Choose a Campsite

A good campsite can really help make for a great trip. We have assembled some campsite selection tips to help you make a wise choice. Never forget, good campsites are found, not made.

  • Research camping regulations or permit requirements for the area in which you are camping.
  • Check availability of established campsites and use them when available.
  • If established campsites aren’t available then you will have to choose a site for yourself.
  • Choose a site appropriate for the size of your group.
  • Choose a campsite that will have minimum impact on the environment
  • Practice low-impact camping to protect the environment from harm, and ensure that there will still be quality campsites out there for future campers. Choose previously impacted sites, or pitch your tent on a durable surface like a rock slab or forest duff. Use multiple walking paths to access your water source and cathole areas.
  • If you are camping ‘”on the trail” start your site search well before dark; you have just 30 minutes of good visibility after sunset.
  • Set your tent on a durable surface like rock, bare ground, sand, or gravel to protect fragile areas. Your camping pad will make all of these sites comfortable and you will reduce your impact on the environment.
  • Camp at least 200 feet away from water yet make certain water is accessible for your needs.
  • If fires are permitted keep them small and use only OFFICIAL fire rings or a fire-pan according to area rules.
  • A good campsite will have a clearing for your tent that is on relatively flat, well-drained terrain
  • Place your sleeping bag in the tent so your head is at the highest point in the tent.
  • You want a campsite that has some elevation and not in a depression.
  • Ground that has a slight rise will help to avoid puddles in case of rain.
  • Pick a campsite that will allow you relax.
  • Be aware of regulations regarding how close to trails and scenic areas you can camp.
  • For privacy and to be courteous of others, choose a site away from trails and out of view of other campers.

When choosing your campsite make sure that it is safe.

  • In rocky terrain beware of snake-infested ledges.
  • Avoid areas known for avalanches and rock slides.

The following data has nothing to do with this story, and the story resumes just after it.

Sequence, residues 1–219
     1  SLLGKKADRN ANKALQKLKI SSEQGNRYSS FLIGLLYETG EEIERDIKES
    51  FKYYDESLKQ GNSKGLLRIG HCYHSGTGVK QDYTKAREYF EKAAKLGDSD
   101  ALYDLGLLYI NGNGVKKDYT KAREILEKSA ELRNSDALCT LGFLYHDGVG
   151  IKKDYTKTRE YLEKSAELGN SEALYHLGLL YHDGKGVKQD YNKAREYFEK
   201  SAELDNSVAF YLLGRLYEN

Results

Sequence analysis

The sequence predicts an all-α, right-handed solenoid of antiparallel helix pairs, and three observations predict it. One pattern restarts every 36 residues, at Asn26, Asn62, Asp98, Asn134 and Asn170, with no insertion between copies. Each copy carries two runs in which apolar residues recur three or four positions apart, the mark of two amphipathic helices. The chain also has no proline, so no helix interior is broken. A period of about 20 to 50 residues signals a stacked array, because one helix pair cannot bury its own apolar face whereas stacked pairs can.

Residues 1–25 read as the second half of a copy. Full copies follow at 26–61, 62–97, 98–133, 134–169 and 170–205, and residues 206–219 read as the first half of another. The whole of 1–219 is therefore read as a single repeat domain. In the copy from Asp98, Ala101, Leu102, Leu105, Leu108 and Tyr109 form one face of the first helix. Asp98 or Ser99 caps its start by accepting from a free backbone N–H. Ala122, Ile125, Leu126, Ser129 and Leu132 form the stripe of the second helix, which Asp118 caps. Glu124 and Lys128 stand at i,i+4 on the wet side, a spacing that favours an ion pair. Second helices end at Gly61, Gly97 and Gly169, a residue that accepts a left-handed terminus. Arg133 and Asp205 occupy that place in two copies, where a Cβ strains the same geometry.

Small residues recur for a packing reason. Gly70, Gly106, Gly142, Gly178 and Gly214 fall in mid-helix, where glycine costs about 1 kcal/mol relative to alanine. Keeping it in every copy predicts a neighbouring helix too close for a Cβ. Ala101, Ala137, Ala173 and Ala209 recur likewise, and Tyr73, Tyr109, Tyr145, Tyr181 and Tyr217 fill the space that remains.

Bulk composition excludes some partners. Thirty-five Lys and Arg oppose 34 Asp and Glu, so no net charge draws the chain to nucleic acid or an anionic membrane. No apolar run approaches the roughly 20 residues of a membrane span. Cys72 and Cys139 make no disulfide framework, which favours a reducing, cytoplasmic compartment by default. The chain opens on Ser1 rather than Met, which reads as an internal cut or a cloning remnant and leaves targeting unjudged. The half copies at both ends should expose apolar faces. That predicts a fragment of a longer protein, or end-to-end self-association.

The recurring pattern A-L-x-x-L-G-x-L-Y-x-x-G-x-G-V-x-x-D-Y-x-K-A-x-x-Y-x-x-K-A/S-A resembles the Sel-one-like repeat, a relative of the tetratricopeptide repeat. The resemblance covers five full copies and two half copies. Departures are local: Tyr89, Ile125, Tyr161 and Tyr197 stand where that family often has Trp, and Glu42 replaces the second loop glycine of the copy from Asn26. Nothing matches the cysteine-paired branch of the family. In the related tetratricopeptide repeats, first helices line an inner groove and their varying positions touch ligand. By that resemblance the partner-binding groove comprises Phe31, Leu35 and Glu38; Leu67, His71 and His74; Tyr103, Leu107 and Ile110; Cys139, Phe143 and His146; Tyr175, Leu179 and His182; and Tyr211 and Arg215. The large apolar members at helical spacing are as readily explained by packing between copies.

• Don’t camp at the bottom of cliffs with loose or falling rocks.
  • Camp over the high-water mark in dry stream beds or river canyons subject to flash floods.
  • Beware of areas that have lots of poison ivy or oak.
  • Don’t camp under “widow makers” (fallen trees leaning on other trees) or threatening limbs.
  • Use natural wind blocks like large boulders, rock outcroppings, or dense stands of trees protect against high winds.
  • Tall, dominant trees and single trees or small clumps of trees are targets for lightening and should be avoided.
  • Dense stands of trees, all the same height, in a relatively low area, away from water offer the best protection from lightning.

Consider these facts and use them to your advantage depending upon the time of year you are camping.

  • Avoid tall grassy meadows because chiggers, ticks, ants, and other bugs like to live there.
  • Avoid areas heavy with mosquitoes and other insects.
  • Mosquitoes like low marshy places, still water, tall grass, and bracken fern.
  • Breezes can keep down insect numbers. Keep up wind of mosquito holes. Mosquitos travel with the wind not against it.
  • Breezes blow up canyons or mountains during the day, and down at night. Cold air flows downhill, so higher land will be warmer at night.
  • Situate your tent to either help air move through the tent in warm weather or to minimize the effect of air movement in cold temperatures.
  • Hollows and valleys are usually the wettest, coldest, and foggiest spots around.
  • If you camp near a mountain steam, cold air travels down water corridors and settles in these low places.
  • Cold air collects in meadows.
  • When winter camping, don’t set your tent or build a fire under trees that have snow on their branches.
  • Seek shady forests in the summer.
  • Morning sun will dry tents and warm you up. Afternoon shade will shield you from the hot sun.
  • Maximize southern exposure on cold days.
  • Choose a dry, sunlit spot with a steady breeze in mosquito country.

Always have a backup plan and remember proper planning will save you from having to settle for a campsite that is far from ideal. When you are happy and enjoying a trip any good site can become a “perfect campsite”.